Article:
MacGregor passed away on April 20, 1995, at the age of 41


Many of Sam Pollock's trades have quite the twist to team, and in this curvy tale, a deal made with the Kings two years prior to snubbing Larouche in the 1974 draft, would eventually enable the Canadiens to not only draft MacGregor, but in time get their hands on one of Lucky Pierre's Sorel team mates as well.

In the summer of 1972, Los Angeles Kings General Manager Larry Regan got the idea that Canadiens defenseman Terry Harper was the absolute solution to all his team's woes. Regan wanted Harper in a bad way. The ten year veteran of the Canadiens defense made for the ideal captain in his eyes, and Regan paid a ridiculous price for him. How Pollock fleeced Regan so terribly is anyone's guess, but the Kings GM offered up his club's second round pick in 1974, their first and third rounders in 1975, and their top pick again in 1976.

Regan clearly had no clues about the merits of the draft!

The second rounder in 1974 became MacGregor, which could have been more costly in itself had fate simply intervened. The first rounder in 1975 became Larouche's 62 goal scoring Sorel team mate Pierre Mondou.

The diminutive centerman would play a strong supporting role in three Canadiens Cup quests. The third rounder, became a solid AHL defensive specialist named Paul Woods, who later played with the Red Wings. The first rounder in 1976 became Rodney Schutt, soon to be twice confused with then current Habs sniper Steve Shutt.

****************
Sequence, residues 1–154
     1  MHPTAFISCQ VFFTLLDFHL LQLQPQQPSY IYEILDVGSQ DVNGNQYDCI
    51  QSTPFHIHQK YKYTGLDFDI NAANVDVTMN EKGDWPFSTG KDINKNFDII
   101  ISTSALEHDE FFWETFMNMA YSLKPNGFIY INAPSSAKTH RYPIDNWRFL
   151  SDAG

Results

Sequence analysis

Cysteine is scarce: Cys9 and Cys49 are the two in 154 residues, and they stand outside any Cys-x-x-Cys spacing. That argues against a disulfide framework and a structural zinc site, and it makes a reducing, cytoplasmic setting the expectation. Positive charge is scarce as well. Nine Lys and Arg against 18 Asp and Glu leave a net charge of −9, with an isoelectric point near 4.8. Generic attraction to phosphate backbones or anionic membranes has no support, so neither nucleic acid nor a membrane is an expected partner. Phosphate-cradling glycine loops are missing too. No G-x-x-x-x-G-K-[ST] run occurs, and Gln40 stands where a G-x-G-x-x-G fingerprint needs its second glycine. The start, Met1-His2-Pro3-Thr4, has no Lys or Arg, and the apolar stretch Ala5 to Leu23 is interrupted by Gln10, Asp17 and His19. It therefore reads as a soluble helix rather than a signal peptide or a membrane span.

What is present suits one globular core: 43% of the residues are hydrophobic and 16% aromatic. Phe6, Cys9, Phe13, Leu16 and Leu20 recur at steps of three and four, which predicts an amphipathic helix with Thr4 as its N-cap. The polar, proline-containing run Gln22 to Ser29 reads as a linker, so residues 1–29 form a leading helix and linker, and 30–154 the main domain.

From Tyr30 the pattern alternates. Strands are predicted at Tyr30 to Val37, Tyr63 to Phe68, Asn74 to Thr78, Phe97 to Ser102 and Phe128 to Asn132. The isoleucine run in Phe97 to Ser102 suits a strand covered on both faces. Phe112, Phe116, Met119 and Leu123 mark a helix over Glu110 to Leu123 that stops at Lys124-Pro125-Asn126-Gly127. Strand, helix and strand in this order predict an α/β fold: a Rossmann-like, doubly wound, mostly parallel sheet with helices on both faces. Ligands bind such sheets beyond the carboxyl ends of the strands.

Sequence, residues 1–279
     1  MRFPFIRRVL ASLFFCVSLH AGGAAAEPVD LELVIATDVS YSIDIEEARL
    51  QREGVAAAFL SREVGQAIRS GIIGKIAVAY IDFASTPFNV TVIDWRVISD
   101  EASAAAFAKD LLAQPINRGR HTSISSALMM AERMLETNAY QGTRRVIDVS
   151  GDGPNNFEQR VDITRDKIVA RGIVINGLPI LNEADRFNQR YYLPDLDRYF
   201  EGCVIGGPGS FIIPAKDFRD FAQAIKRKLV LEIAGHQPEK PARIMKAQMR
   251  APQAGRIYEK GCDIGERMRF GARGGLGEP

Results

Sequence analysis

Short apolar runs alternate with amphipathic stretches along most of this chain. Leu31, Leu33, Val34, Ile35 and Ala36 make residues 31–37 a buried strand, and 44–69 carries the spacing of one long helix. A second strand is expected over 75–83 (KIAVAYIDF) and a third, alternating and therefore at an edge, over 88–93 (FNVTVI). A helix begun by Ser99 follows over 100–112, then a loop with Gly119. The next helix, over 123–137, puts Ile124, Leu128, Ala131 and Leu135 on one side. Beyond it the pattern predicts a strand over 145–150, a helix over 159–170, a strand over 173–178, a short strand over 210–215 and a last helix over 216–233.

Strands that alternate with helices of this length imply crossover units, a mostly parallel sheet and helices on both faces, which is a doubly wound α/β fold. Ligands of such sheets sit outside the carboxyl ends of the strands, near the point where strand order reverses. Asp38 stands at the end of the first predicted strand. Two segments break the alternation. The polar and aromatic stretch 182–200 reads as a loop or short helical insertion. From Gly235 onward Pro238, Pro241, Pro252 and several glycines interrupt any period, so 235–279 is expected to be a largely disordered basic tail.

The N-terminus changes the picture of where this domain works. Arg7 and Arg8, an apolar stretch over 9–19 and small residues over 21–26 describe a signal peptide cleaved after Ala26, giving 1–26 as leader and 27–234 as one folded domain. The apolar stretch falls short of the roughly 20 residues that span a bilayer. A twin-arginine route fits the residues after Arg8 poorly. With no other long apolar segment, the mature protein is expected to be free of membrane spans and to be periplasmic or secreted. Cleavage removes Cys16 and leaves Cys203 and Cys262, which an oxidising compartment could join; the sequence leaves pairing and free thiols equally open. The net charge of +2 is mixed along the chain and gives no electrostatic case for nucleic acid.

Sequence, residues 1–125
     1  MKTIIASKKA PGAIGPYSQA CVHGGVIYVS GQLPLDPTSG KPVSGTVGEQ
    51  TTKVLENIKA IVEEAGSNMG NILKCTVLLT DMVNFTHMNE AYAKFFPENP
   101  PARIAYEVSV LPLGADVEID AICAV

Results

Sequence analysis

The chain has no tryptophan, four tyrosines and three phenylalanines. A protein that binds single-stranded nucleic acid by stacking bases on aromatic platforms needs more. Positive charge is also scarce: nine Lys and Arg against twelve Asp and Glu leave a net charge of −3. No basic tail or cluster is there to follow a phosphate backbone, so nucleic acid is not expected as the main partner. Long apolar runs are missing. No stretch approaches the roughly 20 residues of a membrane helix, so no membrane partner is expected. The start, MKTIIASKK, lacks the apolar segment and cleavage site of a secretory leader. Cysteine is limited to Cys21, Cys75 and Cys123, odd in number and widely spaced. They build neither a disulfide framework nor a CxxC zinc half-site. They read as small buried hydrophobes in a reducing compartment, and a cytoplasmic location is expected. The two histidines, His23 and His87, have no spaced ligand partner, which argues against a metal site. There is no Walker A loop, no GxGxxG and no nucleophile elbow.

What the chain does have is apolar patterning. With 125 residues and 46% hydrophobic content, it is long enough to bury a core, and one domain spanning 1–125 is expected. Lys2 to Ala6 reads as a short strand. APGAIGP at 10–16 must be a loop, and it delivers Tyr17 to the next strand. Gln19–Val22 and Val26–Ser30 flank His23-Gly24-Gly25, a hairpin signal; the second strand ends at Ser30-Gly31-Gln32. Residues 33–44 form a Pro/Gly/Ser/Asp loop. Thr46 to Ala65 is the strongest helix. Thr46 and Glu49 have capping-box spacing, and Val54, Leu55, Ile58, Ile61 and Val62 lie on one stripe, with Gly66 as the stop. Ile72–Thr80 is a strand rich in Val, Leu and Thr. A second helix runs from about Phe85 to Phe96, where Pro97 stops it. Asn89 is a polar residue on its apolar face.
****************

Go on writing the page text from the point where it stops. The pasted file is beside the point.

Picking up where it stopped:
By 1981, Rodney Schutt had become a Pittsburgh Penguin, traded there for a first round pick that later became Mark Hunter. It was the third time that the Canadiens had attempted to trade Schutt, but twice G.M.'s had erroneously thought they'd been offered Steve Shutt.

The first time was when the Canadiens and Penguins were discussing a deal for Pierre Larouche. Both clubs were dealing with disgruntled centerman - the Canadiens had offered up Pete Mahovlich - and the Penguins wanted a little more in the exchange.

Sam Pollock tendered Rodney Schutt in the offer and Pittsburgh manager Baz Bastien verbally agreed to the swap. Before the trade could be rubber stamped by the NHL, Bastien was made aware that he was not getting Steve Shutt, but merely the Canadiens first rounder from the 1976 draft, Ridney Schutt. Within a day, the parties sorted things out, and Peter Lee, chosen one position ahead of Schutt in 1976, was off to the Penguins.

When Schutt did finally join Pittsburgh in 1981, it was the second time in a week he had been traded. While the NHL has never mentioned the players in the deal, a Rodney Schutt trade to the Washington Capitals was nullified for the same reasons - they also thought they were getting the productive Shutt as opposed to the minor leaguer who had played but two games with the Canadiens.


Twenty games into the 1977-78 season, the Canadiens and Penguins finally sealed a deal that brought Pierre Larouche to Montreal. What enabled the trade to come about, was that both clubs were dealing with top centermen who seemed to stray from the team concept. In Montreal, coach Scotty Bowman had had it with Mahovlich's aloof attitude, going so far as to benching him occasion. In Pittsburgh, there were similar difficulties with Larouche, who loudly took up a lot of room, and was unsatisfied with his contract. Many felt that Larouche, coming off a sophomore season of 53 goals, was being purposely indifferent in order to force a trade to somewhere he'd feel more appreciated.